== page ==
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Need Flood Insurance? New Website Helps Homeowners Find Affordable Options
Mike Megoulas has lived in a Dauphin County township for more than a decade and never thought twice about flood insurance. In October 2012, however, he received a letter from his mortgage company notifying him that his house was in a flood zone.Flooding at Megoulas’s house has been rare. For instance, there was the time in 2011 when Tropical Storms Ivan and Lee hit the county and left several inches of water in his basement. “When I bought my house,” he says, “I never even knew I was in a flood zone — and now I need flood insurance.”
Plugging a financial drainMany homeowners in Pennsylvania and elsewhere are finding themselves in a similar situation. “For most Pennsylvanians trying to buy individual flood insurance coverage, especially for their homes, the National Flood Insurance Program (NFIP) run by the federal government was thought to be the only option,” state Insurance Commissioner Teresa Miller says. “However, now that Congress is mandating that federal subsidies end for NFIP coverage and that premiums be based on the property’s actual risk, costs for this coverage are rising and may become difficult for many homeowners to afford.“In addition, redrawn Federal Emergency Management Agency (FEMA) maps are placing many properties in flood zones that had not been there before. That’s why my office is committed to finding ways to help consumers identify lower-cost coverage.” The agency, for instance, has created a new one-stop shop at www.insurance.pa.gov, where homeowners and renters can find information about available insurance. (Note: To access the page, click on “Flood” under “Top Pages.”)For decades, Miller says, the National Flood Insurance Program kept its premiums artificially low, but an unprecedented number of claims following Hurricane Katrina sent the program into billions of dollars of debt. The result? Large premium increases.The good news for Pennsylvania consumers is that these rapidly rising NFIP premiums are making flood insurance more attractive for private market insurers, which are in many cases offering coverage at substantially lower costs.Just ask homeowner Mike Megoulas.“In 2012, my property was remapped into a flood zone, and I was told I had to buy flood insurance to keep my mortgage,” he says. “NFIP insurance would have cost me $2,700 a year, but I was able to find private coverage for only $718 annually.”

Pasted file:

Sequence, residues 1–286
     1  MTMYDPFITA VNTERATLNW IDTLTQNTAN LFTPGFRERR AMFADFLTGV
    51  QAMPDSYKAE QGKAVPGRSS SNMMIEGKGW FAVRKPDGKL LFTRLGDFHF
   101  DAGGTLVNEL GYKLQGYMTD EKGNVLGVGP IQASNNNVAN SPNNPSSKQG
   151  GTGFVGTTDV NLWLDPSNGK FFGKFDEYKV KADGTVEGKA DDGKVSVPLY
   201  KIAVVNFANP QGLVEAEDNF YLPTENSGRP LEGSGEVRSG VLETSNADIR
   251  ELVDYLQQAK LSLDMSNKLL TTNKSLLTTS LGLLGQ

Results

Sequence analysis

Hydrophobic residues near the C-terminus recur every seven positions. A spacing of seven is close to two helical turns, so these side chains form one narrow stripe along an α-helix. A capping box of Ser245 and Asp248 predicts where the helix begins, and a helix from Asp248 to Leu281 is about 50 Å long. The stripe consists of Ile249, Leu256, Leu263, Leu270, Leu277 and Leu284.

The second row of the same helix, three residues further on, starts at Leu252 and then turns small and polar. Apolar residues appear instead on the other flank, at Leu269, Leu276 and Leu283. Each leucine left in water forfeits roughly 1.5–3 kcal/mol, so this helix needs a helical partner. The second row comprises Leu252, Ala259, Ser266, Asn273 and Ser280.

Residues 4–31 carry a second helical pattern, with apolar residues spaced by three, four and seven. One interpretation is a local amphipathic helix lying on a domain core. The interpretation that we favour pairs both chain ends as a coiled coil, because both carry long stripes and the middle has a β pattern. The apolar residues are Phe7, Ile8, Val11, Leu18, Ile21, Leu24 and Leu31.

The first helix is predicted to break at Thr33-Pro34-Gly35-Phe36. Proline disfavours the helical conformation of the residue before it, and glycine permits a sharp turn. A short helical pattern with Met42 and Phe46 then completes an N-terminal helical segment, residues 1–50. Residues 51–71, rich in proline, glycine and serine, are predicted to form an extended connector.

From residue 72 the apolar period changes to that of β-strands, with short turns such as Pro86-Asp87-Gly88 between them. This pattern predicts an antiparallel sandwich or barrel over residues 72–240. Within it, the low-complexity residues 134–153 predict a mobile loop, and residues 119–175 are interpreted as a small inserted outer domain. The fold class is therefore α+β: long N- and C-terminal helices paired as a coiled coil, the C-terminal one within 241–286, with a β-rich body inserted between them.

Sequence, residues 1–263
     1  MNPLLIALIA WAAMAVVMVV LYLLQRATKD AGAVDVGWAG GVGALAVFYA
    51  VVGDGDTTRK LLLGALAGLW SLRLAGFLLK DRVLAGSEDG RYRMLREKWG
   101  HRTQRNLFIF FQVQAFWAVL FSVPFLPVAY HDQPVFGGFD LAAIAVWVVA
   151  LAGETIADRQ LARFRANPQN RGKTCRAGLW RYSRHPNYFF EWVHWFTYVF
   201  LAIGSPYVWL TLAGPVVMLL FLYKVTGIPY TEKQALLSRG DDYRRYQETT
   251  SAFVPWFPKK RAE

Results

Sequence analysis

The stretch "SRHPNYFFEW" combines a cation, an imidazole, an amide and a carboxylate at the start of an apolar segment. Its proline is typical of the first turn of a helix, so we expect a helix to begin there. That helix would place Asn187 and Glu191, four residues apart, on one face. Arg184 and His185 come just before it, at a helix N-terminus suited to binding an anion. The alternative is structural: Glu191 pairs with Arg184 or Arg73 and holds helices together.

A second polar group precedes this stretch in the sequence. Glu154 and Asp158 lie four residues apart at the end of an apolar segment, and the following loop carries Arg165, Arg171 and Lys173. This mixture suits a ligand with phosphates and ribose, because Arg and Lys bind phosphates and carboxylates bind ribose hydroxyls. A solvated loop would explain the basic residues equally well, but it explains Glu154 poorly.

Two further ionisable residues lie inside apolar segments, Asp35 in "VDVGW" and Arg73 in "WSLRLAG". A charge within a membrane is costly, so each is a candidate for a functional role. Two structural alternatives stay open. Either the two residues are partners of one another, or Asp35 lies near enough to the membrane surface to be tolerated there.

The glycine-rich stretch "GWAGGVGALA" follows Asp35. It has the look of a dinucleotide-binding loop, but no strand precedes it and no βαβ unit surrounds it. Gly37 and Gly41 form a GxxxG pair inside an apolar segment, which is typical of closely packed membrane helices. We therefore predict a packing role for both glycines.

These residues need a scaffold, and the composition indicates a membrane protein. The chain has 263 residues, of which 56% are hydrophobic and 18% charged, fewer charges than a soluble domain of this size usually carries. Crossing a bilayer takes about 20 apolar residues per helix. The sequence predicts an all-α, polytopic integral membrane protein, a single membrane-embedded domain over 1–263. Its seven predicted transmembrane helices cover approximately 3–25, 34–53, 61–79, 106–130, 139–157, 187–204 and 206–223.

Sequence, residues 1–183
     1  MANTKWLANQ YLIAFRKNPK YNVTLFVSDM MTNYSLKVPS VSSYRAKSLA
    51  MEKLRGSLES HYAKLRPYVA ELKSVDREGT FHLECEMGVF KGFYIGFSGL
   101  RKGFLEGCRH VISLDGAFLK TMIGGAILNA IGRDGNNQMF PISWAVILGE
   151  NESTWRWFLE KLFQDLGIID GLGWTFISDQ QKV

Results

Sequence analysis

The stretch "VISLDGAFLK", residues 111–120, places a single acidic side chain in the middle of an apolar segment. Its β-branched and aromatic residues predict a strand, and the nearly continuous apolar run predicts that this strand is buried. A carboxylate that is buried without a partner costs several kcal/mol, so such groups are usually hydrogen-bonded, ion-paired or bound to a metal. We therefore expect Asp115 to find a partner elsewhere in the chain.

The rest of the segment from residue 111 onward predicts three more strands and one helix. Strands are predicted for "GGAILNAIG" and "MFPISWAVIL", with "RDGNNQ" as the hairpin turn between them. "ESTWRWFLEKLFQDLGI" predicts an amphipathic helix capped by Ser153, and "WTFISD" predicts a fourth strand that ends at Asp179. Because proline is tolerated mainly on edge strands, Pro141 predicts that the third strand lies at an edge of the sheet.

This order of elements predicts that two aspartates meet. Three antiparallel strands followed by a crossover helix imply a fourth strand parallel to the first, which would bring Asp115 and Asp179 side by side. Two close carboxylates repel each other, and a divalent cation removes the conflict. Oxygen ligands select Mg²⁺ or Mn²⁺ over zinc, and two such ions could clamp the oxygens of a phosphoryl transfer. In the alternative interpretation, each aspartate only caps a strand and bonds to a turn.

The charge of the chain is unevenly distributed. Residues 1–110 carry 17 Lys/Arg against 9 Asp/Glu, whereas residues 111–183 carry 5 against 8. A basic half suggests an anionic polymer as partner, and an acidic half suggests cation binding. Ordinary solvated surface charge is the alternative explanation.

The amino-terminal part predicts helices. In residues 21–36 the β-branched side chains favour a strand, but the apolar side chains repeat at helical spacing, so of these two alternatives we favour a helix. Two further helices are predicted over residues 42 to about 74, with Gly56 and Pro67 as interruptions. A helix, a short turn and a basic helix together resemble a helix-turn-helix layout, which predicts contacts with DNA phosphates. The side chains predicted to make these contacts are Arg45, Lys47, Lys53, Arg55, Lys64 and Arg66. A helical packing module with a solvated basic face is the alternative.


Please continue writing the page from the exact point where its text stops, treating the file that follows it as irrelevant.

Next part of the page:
Pinpointing insurance optionsMost private-market residential flood insurance in Pennsylvania is sold by “surplus-line” insurers, which are licensed in other states or countries and offer the higher-risk coverage that other companies tend to shy away from.The state Insurance Department’s new one-stop online shop has links for these and other insurers providing flood coverage. In addition, the page has a link to the NFIP and lists the coverage written by each licensed insurer. For example, some insurers only offer contents coverage for renters, while others offer coverage for both the dwelling and its contents, for homeowners. “My goal is to make sure Pennsylvanians can find good coverage at affordable prices, and this one-stop website will help homeowners and renters be able to do this,” Miller says.Recently, Miller testified before a congressional subcommittee in support of proposed federal legislation that would facilitate the entry of additional carriers into the private flood insurance market and provide consumers with additional options. The proposal would also require mortgage companies to accept qualified private insurance in addition to NFIP policies.